Venture Capitalists and Business Managers Unite!

I have spotted a trend among venture capitalists and business managers. During the course of a few weeks several seem to have adopted the idea that nations need to develop strategies for innovation and technology development. I have previously mentioned the article by CEO of General Electric, Jeff Immelt, and venture capitalist John Doerr in The Washington Post:

http://www.washingtonpost.com/wp-dyn/content/article/2009/08/02/AR2009080201563.html?wpisrc=newsletter&wpisrc=newsletter&wpisrc=newsletter

Last week the Swedish business daily Dagens Industri (DI) held an article in a similar vein by the head of the Wallenberg finance family, the largest owner of the investment company Investor, which holds controlling positions in several large groups and companies, such as SEB (a major Swedish based bank), Ericsson, ABB, Scania, Atlas Copco and Electrolux. Mr. Wallenberg writes his article as the chairman of a development group, lead by the Swedish Royal Institute for Engineering Sciences (IVA), which has started to analyze the need of a Swedish strategy for technology development.

http://di.se/

Incidentally, this is what my book Global Energy Transformation is all about. I discuss the need of national strategies for the development of new technology that will reduce the dependence on energy, and particularly fossil fuels. There now seems to be a trend among high level business people to support the general idea that nations need strategies for innovation. How interesting!!!

The book:

http://www.amazon.com/Global-Energy-Transformation-Necessary-Success/dp/0230229190/ref=sr_1_1?ie=UTF8&s=books&qid=1246132501&sr=1-1

Sunday, September 13, 2009 by Mats Larsson

“We are well prepared!”

At the beginning of the Second World War, the Swedish Prime Minister, Per-Albin Hansson, re-assuringly stated that “Sweden is well prepared for a war”. When the forces of nazi Germany took Denmark, the Swedish army, at night, drove jeeps with heavy logs along the coastal road which the Germans could view from Denmark. The jeeps had their lights on while driving one direction and then they drove back with their lights turned off. Then they went back the same way once more with the lights on.

This was to make the Germans believe that it would be much more difficult and costly to try to conquer Sweden than it had been to besiege Denmark. Nowadays, people in Sweden, sometimes when they hear a big lie coming from officials, say okay “We are well prepared!”. A funny story tells of the Prime Minister of Denmark calling his counterpart in Sweden, asking to borrow tanks, because the Germans were crossing the border: “OK, no problem, do you want one, two or all three of them?”

We are in a similar situation now, globally, in which politicians and business people in high positions, environmentalists, journalists, and engineers try to re-assure us that we are well prepared to take on the challenge of transforming energy systems. As soon as energy prices increase to a level high enough, there will be a wave of investments that will clear away our dependence on fossil fuels.

Similar to Swedes and Germans at the beginning of the war, most of us are happy to go along with this, paying little attention to what it will really take in terms of investment, technology development and large scale change of systems and habits to reduce our dependence on oil.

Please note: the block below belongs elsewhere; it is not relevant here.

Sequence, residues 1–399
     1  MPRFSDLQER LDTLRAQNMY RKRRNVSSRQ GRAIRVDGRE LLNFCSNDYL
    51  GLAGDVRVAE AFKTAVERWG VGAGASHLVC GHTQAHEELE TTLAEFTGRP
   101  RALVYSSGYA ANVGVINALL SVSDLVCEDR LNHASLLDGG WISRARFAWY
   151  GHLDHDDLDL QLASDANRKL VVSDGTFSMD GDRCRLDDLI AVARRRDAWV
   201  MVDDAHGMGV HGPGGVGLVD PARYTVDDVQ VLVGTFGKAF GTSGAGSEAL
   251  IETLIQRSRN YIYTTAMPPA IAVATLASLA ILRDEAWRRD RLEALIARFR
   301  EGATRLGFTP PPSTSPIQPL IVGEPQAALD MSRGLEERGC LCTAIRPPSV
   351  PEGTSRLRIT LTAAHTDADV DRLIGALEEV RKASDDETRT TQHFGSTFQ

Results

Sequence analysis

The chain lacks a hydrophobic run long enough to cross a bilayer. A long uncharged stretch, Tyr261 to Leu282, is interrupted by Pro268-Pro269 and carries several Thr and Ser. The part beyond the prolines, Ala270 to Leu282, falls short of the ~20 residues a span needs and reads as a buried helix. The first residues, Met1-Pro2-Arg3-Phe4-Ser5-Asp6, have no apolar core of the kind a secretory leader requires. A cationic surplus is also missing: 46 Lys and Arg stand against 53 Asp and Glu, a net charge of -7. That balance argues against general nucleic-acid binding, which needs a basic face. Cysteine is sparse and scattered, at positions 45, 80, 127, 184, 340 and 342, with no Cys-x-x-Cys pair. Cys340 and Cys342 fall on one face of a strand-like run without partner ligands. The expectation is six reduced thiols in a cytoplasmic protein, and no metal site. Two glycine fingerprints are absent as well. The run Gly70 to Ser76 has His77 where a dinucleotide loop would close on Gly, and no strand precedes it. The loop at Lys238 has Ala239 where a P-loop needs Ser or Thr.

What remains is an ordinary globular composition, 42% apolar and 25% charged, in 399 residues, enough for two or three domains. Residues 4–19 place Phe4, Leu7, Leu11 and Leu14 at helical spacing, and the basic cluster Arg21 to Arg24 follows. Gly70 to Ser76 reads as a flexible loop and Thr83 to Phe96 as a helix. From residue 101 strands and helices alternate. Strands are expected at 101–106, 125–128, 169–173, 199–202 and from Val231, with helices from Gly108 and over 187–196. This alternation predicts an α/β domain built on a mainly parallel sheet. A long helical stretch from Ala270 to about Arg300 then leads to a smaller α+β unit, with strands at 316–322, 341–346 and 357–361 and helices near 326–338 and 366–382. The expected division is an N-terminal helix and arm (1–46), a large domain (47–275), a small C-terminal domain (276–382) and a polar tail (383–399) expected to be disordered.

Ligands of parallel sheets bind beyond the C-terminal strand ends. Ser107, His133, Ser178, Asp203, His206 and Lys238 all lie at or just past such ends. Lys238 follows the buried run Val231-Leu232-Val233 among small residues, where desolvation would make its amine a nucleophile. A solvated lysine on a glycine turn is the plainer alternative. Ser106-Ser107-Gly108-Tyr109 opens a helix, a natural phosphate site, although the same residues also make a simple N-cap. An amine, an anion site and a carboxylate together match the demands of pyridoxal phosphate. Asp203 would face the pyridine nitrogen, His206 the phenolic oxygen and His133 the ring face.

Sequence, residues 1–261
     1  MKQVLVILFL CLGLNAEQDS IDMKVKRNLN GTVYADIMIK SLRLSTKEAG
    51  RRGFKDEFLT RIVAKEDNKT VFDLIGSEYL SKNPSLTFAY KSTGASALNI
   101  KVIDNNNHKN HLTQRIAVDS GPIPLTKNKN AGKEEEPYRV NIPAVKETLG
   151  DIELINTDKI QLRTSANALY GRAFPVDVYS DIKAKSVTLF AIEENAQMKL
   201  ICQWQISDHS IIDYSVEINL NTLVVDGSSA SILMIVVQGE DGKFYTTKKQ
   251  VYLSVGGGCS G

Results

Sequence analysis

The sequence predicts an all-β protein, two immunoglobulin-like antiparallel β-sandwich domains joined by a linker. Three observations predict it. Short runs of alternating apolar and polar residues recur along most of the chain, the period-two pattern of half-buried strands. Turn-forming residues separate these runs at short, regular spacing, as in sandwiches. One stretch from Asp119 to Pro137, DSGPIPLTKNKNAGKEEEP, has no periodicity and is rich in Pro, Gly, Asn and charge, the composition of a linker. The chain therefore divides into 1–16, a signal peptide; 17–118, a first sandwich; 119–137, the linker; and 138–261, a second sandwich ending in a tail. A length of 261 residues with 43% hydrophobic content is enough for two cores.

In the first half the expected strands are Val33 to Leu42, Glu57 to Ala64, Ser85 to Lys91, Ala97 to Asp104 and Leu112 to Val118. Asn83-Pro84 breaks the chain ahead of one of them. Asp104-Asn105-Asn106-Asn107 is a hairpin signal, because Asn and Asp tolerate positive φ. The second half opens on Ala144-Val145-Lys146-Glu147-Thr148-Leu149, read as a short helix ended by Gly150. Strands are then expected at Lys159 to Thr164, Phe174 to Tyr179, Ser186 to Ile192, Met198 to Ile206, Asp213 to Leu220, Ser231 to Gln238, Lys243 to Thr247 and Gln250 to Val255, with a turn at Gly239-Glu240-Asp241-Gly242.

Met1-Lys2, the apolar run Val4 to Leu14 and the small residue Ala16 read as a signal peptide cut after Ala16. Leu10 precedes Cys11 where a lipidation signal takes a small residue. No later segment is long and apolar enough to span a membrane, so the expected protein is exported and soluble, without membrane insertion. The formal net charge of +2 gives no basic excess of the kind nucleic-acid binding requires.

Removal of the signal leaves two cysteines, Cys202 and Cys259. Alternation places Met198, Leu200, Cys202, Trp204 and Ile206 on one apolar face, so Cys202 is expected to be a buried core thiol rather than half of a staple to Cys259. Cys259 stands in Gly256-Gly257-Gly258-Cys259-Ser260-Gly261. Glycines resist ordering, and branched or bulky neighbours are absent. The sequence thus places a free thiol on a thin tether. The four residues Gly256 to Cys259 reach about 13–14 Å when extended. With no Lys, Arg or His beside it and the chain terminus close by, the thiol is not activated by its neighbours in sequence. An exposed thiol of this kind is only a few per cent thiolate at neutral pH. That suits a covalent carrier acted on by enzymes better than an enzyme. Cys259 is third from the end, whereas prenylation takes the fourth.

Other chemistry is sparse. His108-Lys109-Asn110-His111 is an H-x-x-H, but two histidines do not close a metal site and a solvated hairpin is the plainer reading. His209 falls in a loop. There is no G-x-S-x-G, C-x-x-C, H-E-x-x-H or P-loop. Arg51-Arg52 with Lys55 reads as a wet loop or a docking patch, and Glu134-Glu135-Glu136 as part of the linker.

“We are well prepared!” will hardly become a joke in the future. This is because the enemy back then were human beings who could be scared by a false statement. The enemy in the energy transformation will be technology and large scale systems. There will be a need for us all to develop and implement new techynology, and change behavior and other patterns in our lives. We can fool ourselves for some more time, but then we will have to face the facts, and the challenge will become tougher as we procrastinate, since we will have less time at our disposal for the change.

Monday, September 07, 2009 by Mats Larsson

The speed of transportation

There is an alternative to reducing the volume of transportation. We may reduce the necessary speed of transportation, at least in the case of goods transportation.

By reducing the necessary speed of transportation we could move more goods from air and truck to railway and ship, which would reduce the energy needed for transportation.

Transportation is part of industrial and trade systems, and in order to transform transportation we will need to expand the system of transportation to the systems that create the need for transportation.

Sunday, September 06, 2009 by Mats Larsson

An energy efficient transportation system

The energy efficient solutions of the future need to be built on the basis of an overall picture of how energy efficiency will or can be created in the total system of society.

Both large companies and governments need to build scenarios. Companies need to build scenarios in order to position themselves, the technologies and products that they want to develop and launch. They need to build a foundation for their technologies based on an expectation of future needs, and marketing of future technologies has to start now, as it did in the early part of the Apollo program. Governments need to build scenarios in order to be able to manage the overall development process, invest in relevant research and development activities, and implement incentive systems, plans and take other measures to facilitate development in the direction that each nation finds attractive and realistic.